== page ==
Talent: Incomplete

"She recently announced the Innovate NH 2.0 plan to encourage high tech economic growth, and launched theLive Free and Start Initiative to help modernize New Hampshire’s government and to foster a startup ecosystem. Hassan has a stellar record on broadband: he supports expanding rural broadband access and improving 4G mobile service, and has pledged to protect the FCC’s net neutrality rules."

(Photos: Mike Segar/Reuters; Jim Cole/AP; Business Insider)

Nevada: Joe Heck (R) vs. Catherine Cortez Masto (D)

Heck

Telecom: Incomplete
Intellectual property: A
Data privacy/security: Incomplete
Talent: B+

"He is... a proponent of comprehensive immigration reform and has argued that scaling back the H1-B visa program could hurt economic growth. Heck also supported the USA Freedom Actand the JOBS Act (extra credit). Unfortunately, Heck has opposed net neutrality, voting for an anti-net neutrality resolution in 2011"

--

Cortez Masto

Telecom: Incomplete
Intellectual property: Incomplete
Data privacy/security: Incomplete
Talent: Incomplete

"While Cortez Masto has pledged to 'ensure every rural community has access to high-speed broadband, and small businesses have access to necessary capital to keep and create jobs,' her positions on most of the issues we evaluated for this scorecard are unknown."

(Photos: Julie Jacobson/AP; John Locher/AP; Business Insider)

North Carolina: Richard Burr (R) vs. Deborah Ross (D)

Burr

Telecom: D-
Intellectual property: B+
Data privacy/security: F
Talent: Incomplete

"Burr has drawn the ire of the tech community in recent months for his efforts to undermine encryption by sponsoring a bill effectively requiring companies to decrypt communications for law enforcement."

--

Ross

Telecom: Incomplete
Intellectual property: Incomplete
Data privacy/security: Incomplete
Talent: Incomplete

"In response to Senator Burr’s controversial encryption bill, Ross made a vague statementarguing that more debate on the 'complicated issue' is needed. She has said she would have supported the 2013 immigration bill that passed the Senate but has said little about high-skilled immigration specifically."

(Photos: Chuck Barton/AP; Business Insider)

Ohio: Rob Portman (R) vs. Ted Strickland (D)

Portman

Telecom: D
Intellectual property: A
Data privacy/security: C-
Talent: A-

"Portman also opposed PIPA, voted 'yes' on the America Invents Act, and supported legislation in the House in 2000 to increase the number of available H-1B visas"

--

Strickland

Telecom: Incomplete
Intellectual property: Incomplete
Data privacy/security: Incomplete
Talent: Incomplete

"As governor of Ohio, Strickland led efforts to expand broadband access across the state. He has also supported education efforts that give students the 'critical skills necessary for the 21st century workplace' during his time as Governor of Ohio."

(Photos: AP; Jay LaPrete/AP; Business Insider)

Pennsylvania: Pat Toomey (R) vs. Katie McGinty (D)

Toomey

Telecom: D
Intellectual property: B+
Data privacy/security: Incomplete
Talent: Incomplete

"Sen. Toomey opposed the USA Freedom Act and has been vocal in his opposition to net neutrality, hyperbolically and inaccurately calling it a 'massive government takeover.'"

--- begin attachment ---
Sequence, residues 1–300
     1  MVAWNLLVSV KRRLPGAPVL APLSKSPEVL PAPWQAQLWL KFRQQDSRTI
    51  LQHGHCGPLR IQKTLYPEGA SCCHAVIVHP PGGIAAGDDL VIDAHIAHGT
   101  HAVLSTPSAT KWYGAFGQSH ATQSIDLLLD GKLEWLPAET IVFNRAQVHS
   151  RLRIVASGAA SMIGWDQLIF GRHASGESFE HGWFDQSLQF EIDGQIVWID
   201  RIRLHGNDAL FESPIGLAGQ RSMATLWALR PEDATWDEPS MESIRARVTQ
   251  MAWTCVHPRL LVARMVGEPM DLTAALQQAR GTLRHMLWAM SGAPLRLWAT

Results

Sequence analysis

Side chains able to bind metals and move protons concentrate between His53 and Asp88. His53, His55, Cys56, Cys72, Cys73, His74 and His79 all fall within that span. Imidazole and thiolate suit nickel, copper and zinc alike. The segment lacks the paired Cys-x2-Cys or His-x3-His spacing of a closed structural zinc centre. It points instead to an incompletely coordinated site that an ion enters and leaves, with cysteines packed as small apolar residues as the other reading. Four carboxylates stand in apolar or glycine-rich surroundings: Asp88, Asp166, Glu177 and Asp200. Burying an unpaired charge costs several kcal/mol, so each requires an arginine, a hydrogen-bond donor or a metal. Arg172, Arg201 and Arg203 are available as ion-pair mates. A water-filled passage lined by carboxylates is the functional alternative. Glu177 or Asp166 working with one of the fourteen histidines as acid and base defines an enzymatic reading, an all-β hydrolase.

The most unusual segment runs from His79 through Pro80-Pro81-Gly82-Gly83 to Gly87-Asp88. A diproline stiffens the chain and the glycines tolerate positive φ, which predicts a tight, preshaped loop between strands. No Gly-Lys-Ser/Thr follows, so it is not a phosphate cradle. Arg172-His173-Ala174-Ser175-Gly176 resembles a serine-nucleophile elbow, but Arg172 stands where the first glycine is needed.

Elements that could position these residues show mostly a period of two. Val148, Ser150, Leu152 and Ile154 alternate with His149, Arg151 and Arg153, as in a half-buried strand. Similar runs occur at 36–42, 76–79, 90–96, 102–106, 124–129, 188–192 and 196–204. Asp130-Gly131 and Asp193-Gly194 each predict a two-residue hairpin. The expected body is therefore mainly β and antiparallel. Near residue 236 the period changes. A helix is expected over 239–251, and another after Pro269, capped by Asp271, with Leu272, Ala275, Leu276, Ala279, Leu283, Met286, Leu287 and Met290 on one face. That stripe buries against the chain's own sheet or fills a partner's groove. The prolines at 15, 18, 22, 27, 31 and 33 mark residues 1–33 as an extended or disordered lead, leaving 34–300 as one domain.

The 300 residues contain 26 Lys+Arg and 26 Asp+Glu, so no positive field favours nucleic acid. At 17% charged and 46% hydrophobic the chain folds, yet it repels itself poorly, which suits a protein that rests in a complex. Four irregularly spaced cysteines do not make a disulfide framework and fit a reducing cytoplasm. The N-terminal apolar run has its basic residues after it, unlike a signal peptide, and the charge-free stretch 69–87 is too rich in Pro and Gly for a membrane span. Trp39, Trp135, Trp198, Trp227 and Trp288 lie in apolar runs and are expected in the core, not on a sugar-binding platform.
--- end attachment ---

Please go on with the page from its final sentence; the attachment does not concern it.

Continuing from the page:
--

McGinty

Telecom: Incomplete
Intellectual property: Incomplete
Data privacy/security: Incomplete
Talent: Incomplete

"She has said that she would have voted for the Senate’s comprehensive immigration reformpackage that passed in 2013 and included a number of reforms to high-skilled immigration. She has made vague statements on the issue of encryption."

(Photos: Matt Rourke/AP; J. Scott Applewhite/AP; Business Insider)

Wisconsin: Ron Johnson (R) vs. Russ Feingold (D)

Johnson

Telecom: D-
Intellectual property: C
Data privacy/security: A-
Talent: Incomplete

"Johnson’s overall score is weighed down in large part by his low marks on telecom issues, as his opposition to net neutrality and the FCC’s decision redefine broadband from 4 Mbps to 25 Mbps puts him at odds with the vast majority of the tech community."

--

Feingold

Telecom: A
Intellectual property: Incomplete
Data privacy/security: A
Talent: B+

"Feingold positioned himself as one of the strongest proponents of digital security and privacy, recognizing the value of strong encryption to the internet economy as far back as 1998 and presciently anticipating the wide-ranging negative consequences of the government’ssurveillance programs. He continues to argue that forced 'backdoors' would be a huge mistake."

(Photos: Scott Bauer/AP; Business Insider)

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But that all changed after the release of a video featuring Trump and some very degrading comments about women.

As Cook put it, "Things started to unravel, albeit slowly. ... Since the release of the 'Access Hollywood' tape, Senate Republicans have seen their fortunes dip, particularly in states like Florida, North Carolina, New Hampshire, Nevada and Pennsylvania, where Clinton has established a lead."

SEE MORE: Democrats Might Be Cutting Losses In Florida And Ohio Senate Races

And there's not much time left for Republicans to turn things around.

Early voting has already started in many states. And Republicans have been seeing their numbers sink in polls across the country.

But, as the Los Angeles Times notes, a few Republican senators who haven't hitched their wagons to the Trump campaign could keep their seats.

As the outlet notes, "Senators like Rob Portman in Ohio and Charles E. Grassley in Iowa have been campaigning like big-city mayors, focusing on local issues and polishing their own brands." In all, 24 Republican senators and 10 Democratic senators are up for re-election Nov. 8.